Phil Dirt - Reverb Central - PO Box 1609, Felton, CA 95018-1609 USA Collection: Vintage Instrumentals Volume Two
|Volume two is a further adventure through the swamps of the pop charts, salted with occasional wonders worth the journey and Dramamine consumption. There are more rock tracks in this volume, and even a surf hit.|
Picks: Slow Walk, Raunchy, Walkin' With Mr. Lee, Swingin' Shepherd Blues, Gazachstahagen, Rockin' Crickets, Straight Flush, Wonderland By Night, Wheels, Apache, Mexico, Midnight In Moscow, The Stripper, Baby Elephant Walk, A Swingin' Safari, More, Penetration, A Walk In The Black Forest, Teen Beat '65, Love Is Blue
Track by Track Review
Sanitized Rock (Instrumental)
1956's horn and piano stroll is a study in period sounds, with Bill Dogget thinking and sanitized rock edge.
Sax & Piano Rock (Instrumental)
Bill Justis' rockin' tune so often covered by surf bands was a sizable hit for Ernie Freeman. It's a sax number with an infectious R&B rhythm and s soulful groove. It could be heard coming out of every late night gas station in town in 1957.
Record Hop Rock (Instrumental)
In 1958, this record hop theme sax tune ruled the roll into the news on the top forty stations across America. Groovy and innocent.
Swingin' Shepherd Blues
Flute MOR (Instrumental)
A 1958 hit for Canadian Moe Koffman, this soft flute romp in a sanitized "Nature Boy" groove was everywhere Safeway shoppers wanted to be.
Pronounced "ga-zox-ta-hog-en," 1959's "Gazachstahagen" was the Wild-Cats only chart success, and at that is wasn't what you'd call a barn-burner. It's a rock track with a grodie guitar and console organ. The guitar and organ due a duet, then trade leads. The guitar's tone is pretty grodie for the charts. The melody is reasonable, but mostly a riff emphasized with jamming over a shuffle beat.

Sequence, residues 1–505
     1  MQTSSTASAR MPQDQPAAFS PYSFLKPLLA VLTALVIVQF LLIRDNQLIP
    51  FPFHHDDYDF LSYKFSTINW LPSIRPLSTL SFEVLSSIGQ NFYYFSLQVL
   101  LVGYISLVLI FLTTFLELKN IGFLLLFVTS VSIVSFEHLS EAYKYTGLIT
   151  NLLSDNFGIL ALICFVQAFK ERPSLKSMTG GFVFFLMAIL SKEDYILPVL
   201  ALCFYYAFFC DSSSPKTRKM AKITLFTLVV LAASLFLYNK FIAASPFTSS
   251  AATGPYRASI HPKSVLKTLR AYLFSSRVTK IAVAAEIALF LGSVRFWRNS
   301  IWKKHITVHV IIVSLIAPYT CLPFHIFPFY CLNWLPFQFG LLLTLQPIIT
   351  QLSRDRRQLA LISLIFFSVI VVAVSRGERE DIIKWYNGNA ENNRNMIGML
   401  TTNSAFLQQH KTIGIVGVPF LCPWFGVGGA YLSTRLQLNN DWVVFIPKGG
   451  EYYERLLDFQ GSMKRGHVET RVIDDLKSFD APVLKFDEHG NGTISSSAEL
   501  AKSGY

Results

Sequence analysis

Darn cool gimmickry here from 1959. The guitar is playing a damped ultra high note thing, maybe behind the bridge, through an echoplex to simulate crickets chirping, while the sax plays a sassy lead over a standard fifties rock combo beat. It's a very cool cover of Tom Shannon's tune originally cut by the Rockin' Rebels.
Raw rockin' sax over guitars, with an infectious rhythm and beat. The sax lines are smooth and mean but not overbearing, and it lays against the choppy backtrack to create a solid contrast. The guitar leads in the break are very nice indeed. From 1959.
Wonderland By Night
1960's horn hit left no cheesy stone unturned, with it's sorta Vegas trumpet sound, suave trombones, picked electric bass, and ghostly reverbed chorus, plus the churchy organ in the middle is almost reverent. What a sappy piece of pop fluff.
Ain't no surf here, and barely hot rod. It's melodic, fluid, and borders on MOR. "Wheels" is closer to the Norman Petty Trio than the Fireballs or Buddy Holly. It is a very pretty quasi rock piece with an infectious melody line and arrangement. It was a Billboard hit in 1960 on Warwick, the same label that brought us Johnny and the Hurricanes. It peaked at number 3. Not bad for a guitar instro. This is a Norman Petty composition.
Pre Surf (Instrumental)
Around the world, it was Hank Marvin and the Shadows that hit with Jerry Lordan's tune in 1960. Everywhere except Denmark and the US, where Jorgen Ingman ruled the charts with this exceptional track. It's my personal opinion that this is the quintessential version of "Apache." When will Atco reissue the album? Every surf band on earth played this tune in the early days of reverb.
Near Surf (Instrumental)
This excellent single was modeled after the success of Herb Alpert's Tijuana Brass, and was covered by Dick Dale on his King Of The Surf Guitar album and morphed slightly into 'Border Town" by Eddie & the Showmen. It's an excellent single, a commercial cross between the TJB and the east LA Mexican surf 'n' soul sound. Issued in 1961.